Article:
Dillard: Quinn’s Budget Proposal Would Increase Spending by Almost $550 Million

"Catastrophic" Medicaid bill backlog threatens to overwhelm the state's entire financial system, Dillard said.

Editor's Note: The following was submitted by Sen. Kirk Dillard's office.

While State Sen. Kirk Dillard (R-Hinsdale) was pleased Gov. Pat Quinn used his Feb. 22 budget to outline the serious fiscal challenges facing Illinois, the 24th District senator said the budget increases spending by almost $550 million and lacks critical details on how to address the state’s most pressing issues.
“In contrast to his State of the State address, Gov. Quinn acknowledged the significant financial obstacles facing Illinois. However, I was disappointed he didn’t provide specifics on how he proposes to tackle these challenges,” said Dillard. “I was particularly surprised that there was no explanation of how he plans to pay down the state’s bill backlog or mention of how he intends to roll back the income tax increase as promised.”
Dillard said that though the Democrats’ 67 percent income tax increase was pushed as a way to pay off the state’s massive bill backlog, Quinn’s budget proposal would spend 99.5 percent of every dollar the state anticipates collecting in the coming year—setting aside just $160 million to pay off the state’s old bills. Currently, the comptroller estimates the backlog to sit at $8.5 billion.
“Unless Illinois brings its spending under control, the state’s bill backlog could reach $35 billion in just five years. That is about $2 billion more than the state’s current yearly general funds budget,” Dillard pointed out. “We have no other choice but to cut our state budget, reform Medicaid and address public employee pension liabilities.”
Though Gov. Quinn insisted his budget would cut spending, rolling state expenditures back to Fiscal Year 2008 levels, Sen. Dillard said that was simply not the case.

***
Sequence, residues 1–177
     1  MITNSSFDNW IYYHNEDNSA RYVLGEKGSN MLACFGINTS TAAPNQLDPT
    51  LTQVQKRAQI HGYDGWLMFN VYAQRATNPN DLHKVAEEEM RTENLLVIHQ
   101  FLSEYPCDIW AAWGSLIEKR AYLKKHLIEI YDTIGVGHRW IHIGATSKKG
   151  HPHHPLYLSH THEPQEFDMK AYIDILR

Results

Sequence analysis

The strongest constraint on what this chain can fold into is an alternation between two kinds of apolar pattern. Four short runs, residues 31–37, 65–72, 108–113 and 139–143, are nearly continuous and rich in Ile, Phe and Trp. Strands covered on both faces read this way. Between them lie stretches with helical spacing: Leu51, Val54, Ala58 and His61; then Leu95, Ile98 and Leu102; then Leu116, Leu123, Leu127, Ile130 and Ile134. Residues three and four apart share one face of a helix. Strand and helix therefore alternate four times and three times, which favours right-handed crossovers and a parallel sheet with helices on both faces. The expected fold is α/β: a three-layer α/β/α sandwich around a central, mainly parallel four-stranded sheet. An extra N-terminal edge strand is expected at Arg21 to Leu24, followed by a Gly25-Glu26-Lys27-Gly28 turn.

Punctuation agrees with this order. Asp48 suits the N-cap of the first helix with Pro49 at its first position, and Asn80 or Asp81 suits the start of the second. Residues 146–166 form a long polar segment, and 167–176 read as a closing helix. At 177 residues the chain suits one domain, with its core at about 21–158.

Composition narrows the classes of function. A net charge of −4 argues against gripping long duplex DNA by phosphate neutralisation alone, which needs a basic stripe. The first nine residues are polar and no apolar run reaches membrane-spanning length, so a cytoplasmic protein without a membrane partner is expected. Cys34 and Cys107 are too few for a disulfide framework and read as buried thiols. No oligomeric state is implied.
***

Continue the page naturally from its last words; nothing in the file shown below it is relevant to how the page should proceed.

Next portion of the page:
“No matter what the governor says, his proposal spends a half-billion dollars more than what we plan to spend in the current fiscal year, and is about $3.5 billion more than what Illinois spent in 2008,” Dillard said. “In his address, Gov. Quinn said Illinois needs a ‘rendezvous with reality,’ and I can’t agree more.  I’m more than willing to roll up my sleeves and help him identify specific ways to cut our state budget. We have no other alternative.”
Dillard noted that of utmost importance is the need to reduce costs associated with the state’s most rapidly growing program—Medicaid. Though Quinn advocated for a $2.7 billion Medicaid cut in his speech, he did not offer details on how to achieve those savings.
“If something isn’t done to rein in Medicaid obligations, the program is on target to see a $21 billion Medicaid bill backlog within five years. The backlog is truly catastrophic. If we don’t do something soon the liabilities threaten to overwhelm the entire system,” said Dillard. “We need to fix the systemic budget shortfalls and inefficiencies within the Medicaid program to ensure that we still have a Medicaid program available for our most needy and vulnerable citizens.”
Though Quinn expressed a desire to pursue additional Medicaid reforms, Sen. Dillard emphasized that under the governor’s plan the proposed Medicaid budget anticipates growth reaching a record 3 million enrollees—or more than 150,000 people added to the program this year.
“That is comparable to adding the entire city of Joliet to the Medicaid rolls in just one year,” Dillard said.


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